How Greece bailout is affecting the Canadian markets

Parity, parity, parity. That's all I hear about in Canada these days. The media is saying (Businessweek) that the strength in loonie is due to a higher than expected inflation data and so a possible rise in our interest rate by the Bank of Canada this year is in the cards. But that's just part of the story. As I was saying in my previous post, markets don't operate in a vacuum. The biggest news so far this year on the global economy is the Greece bailout. Or more specifically, is there a bailout (WSJ) and by whom? Greece is the 27th biggest economy according to Wikipedia. Their GDP is 24% of Canada's. They are by no means a small country. A default of this magnitude would have a domino effect on the weak PIGS (Portugal, Ireland/Italy, Greece and Spain) countries and beyond. Traders will lose confidence if Greece is not saved. Then everyone will unload their holdings in those PIGS countries and massive selling will drive their markets even further down. A vicious cycle of downward spiral is thus formed in the short term. Given that even a small time trader such as myself is aware of the grim consequence, it is likely that Greece will be saved. So the next question is, by whom? That is the big question which is still up in the air and fiercely debated this month. The two candidates are the European Central Bank (ECB) and the International Monetary Fund (IMF). As far as we know, the ECB doesn't seem to want to take the burden upon itself. The European Union isn't doing exactly well lately, in case you haven't noticed. Its best performing country, Germany, doesn't want to penalize their hardworking taxpayers for the mistakes of Greece (CIA World Factbook). So that leaves the IMF, the last line of defense for troubled economies. If the IMF bails out Greece, that means the United States is on the hook too as they are the biggest economy and backer of the IMF. Europe's problem will become an American problem too. More bailouts for the U.S. means more spending. Having spent trillions already pumping up the financial markets (U.S. debt clock) in the past couple of years, this would tank the U.S. dollar into the abyss. Likewise, if the ECB confirms that they will contain the problem and that IMF isn't involved. The Euros will tank and the dollar will rise. But that's just guess work for now. The one thing that's for sure is that a massive amount of money will be spent to save Greece. Excessive money means inflation and higher cost of commodities in the long run. Seeing that the Canadian market is heavily commodity-related and that our loonie is even known as a commodity currency, that is the reason behind why inflation is rising fast and our economy is being propped up. Not necessarily because we are doing terrific, but because we are sitting on a pile of gold and oil. Real, tangible wealth in any kind of economy.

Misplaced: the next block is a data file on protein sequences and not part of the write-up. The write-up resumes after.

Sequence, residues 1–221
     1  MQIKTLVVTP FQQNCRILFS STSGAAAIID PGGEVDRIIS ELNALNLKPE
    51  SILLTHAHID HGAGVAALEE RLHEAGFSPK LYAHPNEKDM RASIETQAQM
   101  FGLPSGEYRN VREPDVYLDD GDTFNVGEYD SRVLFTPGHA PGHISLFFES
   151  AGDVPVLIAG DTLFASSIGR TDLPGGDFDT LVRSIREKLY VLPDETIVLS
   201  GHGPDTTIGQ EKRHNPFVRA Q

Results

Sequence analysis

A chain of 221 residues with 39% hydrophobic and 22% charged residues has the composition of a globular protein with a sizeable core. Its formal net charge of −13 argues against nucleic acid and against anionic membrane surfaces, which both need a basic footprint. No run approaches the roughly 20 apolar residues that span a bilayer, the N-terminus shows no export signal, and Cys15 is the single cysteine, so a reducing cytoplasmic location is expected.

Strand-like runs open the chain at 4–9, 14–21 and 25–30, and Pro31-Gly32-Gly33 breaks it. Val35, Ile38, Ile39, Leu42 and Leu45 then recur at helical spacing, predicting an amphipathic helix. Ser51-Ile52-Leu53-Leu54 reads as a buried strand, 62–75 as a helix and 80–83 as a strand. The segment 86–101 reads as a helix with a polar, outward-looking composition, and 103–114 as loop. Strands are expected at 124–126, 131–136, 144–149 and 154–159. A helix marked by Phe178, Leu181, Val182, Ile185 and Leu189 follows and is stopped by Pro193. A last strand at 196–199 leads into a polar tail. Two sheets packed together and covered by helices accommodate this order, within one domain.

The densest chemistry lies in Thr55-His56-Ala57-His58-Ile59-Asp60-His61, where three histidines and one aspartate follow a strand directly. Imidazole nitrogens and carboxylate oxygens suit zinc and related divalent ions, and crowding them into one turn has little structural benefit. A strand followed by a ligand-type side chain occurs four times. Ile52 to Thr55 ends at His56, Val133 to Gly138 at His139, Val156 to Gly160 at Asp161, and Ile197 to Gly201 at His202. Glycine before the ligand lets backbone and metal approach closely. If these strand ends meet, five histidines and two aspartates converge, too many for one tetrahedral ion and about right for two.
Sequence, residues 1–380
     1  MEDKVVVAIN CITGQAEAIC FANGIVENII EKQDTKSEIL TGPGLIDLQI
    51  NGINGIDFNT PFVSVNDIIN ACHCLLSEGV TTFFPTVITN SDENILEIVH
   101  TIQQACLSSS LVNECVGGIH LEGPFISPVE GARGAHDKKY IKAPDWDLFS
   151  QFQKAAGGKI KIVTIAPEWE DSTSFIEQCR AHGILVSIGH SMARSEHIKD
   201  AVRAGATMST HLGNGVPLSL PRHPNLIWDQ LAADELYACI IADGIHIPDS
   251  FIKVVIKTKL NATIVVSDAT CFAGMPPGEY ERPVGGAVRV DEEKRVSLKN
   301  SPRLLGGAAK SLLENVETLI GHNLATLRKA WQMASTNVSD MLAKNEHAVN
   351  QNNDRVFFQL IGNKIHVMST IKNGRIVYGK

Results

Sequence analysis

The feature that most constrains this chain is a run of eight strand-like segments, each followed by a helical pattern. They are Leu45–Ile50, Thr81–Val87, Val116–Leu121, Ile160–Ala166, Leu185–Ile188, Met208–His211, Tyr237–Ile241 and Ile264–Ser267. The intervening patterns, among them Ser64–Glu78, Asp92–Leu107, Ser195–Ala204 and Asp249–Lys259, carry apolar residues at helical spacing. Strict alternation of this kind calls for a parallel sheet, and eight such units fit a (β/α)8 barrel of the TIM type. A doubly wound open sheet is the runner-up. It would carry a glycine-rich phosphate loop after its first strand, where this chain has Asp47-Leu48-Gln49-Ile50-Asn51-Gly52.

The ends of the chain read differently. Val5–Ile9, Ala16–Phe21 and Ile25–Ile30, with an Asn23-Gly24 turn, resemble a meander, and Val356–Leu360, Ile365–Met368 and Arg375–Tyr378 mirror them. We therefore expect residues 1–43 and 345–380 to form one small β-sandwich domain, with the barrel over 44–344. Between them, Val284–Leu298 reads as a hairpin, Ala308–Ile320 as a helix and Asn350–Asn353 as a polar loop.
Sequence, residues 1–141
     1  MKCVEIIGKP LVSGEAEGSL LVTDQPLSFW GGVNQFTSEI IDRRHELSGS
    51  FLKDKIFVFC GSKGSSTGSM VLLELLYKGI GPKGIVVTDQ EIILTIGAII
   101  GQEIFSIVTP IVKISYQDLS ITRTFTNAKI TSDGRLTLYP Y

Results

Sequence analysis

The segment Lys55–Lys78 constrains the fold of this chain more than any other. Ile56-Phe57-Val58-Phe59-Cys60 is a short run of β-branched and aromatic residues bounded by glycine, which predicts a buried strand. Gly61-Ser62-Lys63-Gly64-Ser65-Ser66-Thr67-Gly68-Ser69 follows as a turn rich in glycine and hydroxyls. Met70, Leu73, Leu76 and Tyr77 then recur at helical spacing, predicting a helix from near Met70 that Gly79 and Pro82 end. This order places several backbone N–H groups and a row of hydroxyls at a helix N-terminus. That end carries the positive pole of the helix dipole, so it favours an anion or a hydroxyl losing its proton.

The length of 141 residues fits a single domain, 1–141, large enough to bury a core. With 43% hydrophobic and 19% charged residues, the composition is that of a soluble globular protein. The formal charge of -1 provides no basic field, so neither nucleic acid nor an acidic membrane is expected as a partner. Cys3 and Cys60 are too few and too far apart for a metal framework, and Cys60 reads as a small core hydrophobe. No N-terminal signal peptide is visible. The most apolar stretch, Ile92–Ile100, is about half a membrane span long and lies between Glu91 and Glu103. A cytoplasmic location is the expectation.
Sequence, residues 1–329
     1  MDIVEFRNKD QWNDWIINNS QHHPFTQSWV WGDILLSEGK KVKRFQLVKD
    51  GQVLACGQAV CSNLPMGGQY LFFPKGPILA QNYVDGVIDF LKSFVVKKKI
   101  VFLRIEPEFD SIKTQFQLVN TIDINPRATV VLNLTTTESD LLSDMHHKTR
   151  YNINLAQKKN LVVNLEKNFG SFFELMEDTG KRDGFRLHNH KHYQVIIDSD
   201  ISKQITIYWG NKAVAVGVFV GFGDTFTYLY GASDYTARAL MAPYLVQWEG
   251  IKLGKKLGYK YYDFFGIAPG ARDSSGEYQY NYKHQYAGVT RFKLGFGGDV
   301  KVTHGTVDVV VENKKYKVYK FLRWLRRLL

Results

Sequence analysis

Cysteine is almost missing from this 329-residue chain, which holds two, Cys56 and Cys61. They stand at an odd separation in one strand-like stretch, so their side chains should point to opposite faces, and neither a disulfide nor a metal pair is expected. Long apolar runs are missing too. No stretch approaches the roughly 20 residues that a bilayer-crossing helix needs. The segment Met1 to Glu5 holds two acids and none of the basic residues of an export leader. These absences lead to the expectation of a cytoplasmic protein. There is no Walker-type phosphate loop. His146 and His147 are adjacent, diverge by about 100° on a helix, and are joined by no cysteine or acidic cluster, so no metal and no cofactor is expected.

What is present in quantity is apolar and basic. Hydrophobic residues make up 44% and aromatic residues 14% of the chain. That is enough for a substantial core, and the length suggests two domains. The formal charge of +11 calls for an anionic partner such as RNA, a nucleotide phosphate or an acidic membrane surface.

Posted 18 March 2010 in stocks.